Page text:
To confirm the expression data from the profile analysis of cell cycle proteins in HAD-B1-treated A549CR cells, immunoblot analysis and an siRNA-based functional assay were employed. Downregulation of STAT3 was confirmed by western blotting (Fig. 3C). A549CR cells overexpressing STAT3 siRNA resulted in the downregulation of STAT3 at the protein level (Fig. 4A). STAT3 siRNA-transfected A549CR cells demonstrated a lower cell viability when compared with non-silencing siRNA (NS)-treated cells (Fig. 4B). This finding indicated that the negative effect of HAD-B1 on cell viability may be due to the downregulation of STAT3 in A549CR cells.

Cell cycle analysis and induction of apoptosis in HAD-B1-treated A549CR cells

To investigate whether the toxicity of HAD-B1 on A549CR cells was due to the induction of cell apoptosis and cell cycle arrest, a flow cytometric assay was employed. Cells were treated with HAD-B1 (1 mg/ml) for 24, 48 and 72 h. Induction of cell apoptosis was analyzed by Annexin-V/propidium iodide double staining using a Muse® Cell Analyzer. The early apoptotic rate was markedly increased in A549CR cells treated for 72 h, compared with the vehicle- and Afatinib-treated groups (Fig. 5). However, the early apoptotic rate of cells treated with HADB1 for 24 and 48 h was not altered. Cell cycle analysis was performed using a Muse® Cell cycle kit. The results indicated that S-phase arrest of the cell cycle was significantly increased in cells treated with HAD-B1 for 72 h, when compared with the vehicle-treated control group and the Afatinib-treated group (Fig. 6).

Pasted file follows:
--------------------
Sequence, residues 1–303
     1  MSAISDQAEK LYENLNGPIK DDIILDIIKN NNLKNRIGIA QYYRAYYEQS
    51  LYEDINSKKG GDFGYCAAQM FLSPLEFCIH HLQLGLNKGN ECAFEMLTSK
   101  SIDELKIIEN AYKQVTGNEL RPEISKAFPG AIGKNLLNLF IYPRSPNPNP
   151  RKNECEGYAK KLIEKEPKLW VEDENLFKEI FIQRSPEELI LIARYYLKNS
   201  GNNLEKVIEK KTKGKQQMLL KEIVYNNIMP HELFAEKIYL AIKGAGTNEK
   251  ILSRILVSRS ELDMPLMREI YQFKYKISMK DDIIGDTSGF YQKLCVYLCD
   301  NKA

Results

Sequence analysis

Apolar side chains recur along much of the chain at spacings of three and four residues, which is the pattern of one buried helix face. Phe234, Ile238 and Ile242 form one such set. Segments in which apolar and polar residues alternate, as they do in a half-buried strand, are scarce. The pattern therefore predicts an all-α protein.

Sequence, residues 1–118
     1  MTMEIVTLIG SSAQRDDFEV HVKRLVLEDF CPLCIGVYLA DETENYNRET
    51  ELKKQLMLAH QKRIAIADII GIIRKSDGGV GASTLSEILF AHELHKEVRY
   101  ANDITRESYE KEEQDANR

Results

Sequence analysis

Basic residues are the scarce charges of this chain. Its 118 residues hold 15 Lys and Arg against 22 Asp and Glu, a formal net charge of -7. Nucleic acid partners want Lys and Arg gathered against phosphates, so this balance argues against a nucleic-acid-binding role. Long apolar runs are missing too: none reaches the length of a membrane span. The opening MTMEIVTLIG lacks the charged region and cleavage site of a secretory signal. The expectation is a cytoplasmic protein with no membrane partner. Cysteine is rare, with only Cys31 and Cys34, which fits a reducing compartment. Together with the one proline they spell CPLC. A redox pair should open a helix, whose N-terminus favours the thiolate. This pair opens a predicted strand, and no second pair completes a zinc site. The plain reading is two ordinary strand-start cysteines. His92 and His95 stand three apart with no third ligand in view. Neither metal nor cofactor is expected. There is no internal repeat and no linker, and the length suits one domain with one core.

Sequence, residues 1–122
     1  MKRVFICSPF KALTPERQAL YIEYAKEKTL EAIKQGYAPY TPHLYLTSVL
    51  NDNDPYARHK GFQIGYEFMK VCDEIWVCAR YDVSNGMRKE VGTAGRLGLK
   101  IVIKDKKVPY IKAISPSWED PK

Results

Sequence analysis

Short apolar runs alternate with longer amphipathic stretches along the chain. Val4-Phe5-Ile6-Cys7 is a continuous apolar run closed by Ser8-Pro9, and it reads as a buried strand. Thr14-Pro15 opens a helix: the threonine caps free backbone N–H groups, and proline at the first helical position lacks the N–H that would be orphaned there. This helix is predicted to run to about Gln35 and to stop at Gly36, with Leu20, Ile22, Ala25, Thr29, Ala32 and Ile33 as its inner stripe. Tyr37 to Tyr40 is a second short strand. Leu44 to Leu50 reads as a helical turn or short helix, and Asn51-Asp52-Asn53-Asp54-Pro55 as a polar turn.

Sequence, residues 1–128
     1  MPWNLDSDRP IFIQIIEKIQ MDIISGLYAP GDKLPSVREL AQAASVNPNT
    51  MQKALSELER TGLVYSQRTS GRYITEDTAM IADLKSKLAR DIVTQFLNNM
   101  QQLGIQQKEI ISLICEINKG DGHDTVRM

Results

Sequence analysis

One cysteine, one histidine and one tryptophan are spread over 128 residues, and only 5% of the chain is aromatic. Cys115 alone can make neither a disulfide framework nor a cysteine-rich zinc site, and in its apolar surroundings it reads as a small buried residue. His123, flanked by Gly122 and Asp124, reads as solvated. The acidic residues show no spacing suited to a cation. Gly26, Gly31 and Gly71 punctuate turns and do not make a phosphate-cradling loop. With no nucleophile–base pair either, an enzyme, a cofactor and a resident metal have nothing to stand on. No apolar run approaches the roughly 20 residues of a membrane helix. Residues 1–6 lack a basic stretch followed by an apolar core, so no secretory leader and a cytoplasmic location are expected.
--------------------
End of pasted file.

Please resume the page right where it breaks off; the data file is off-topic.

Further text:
Activation of caspases in A549CR cells treated with HAD-B1

To further investigate the induction of apoptosis in A549CR cells treated with HAD-B1, an in vitro caspase activity assay was performed. Caspase-3, −8 and −9 were activated in A549CR cells treated with HAD-B1 (1 mg/ml) when compared with the control. This result indicated that HAD-B1 may enhance caspase activation, resulting in the induction of apoptosis (Fig. 7).

Discussion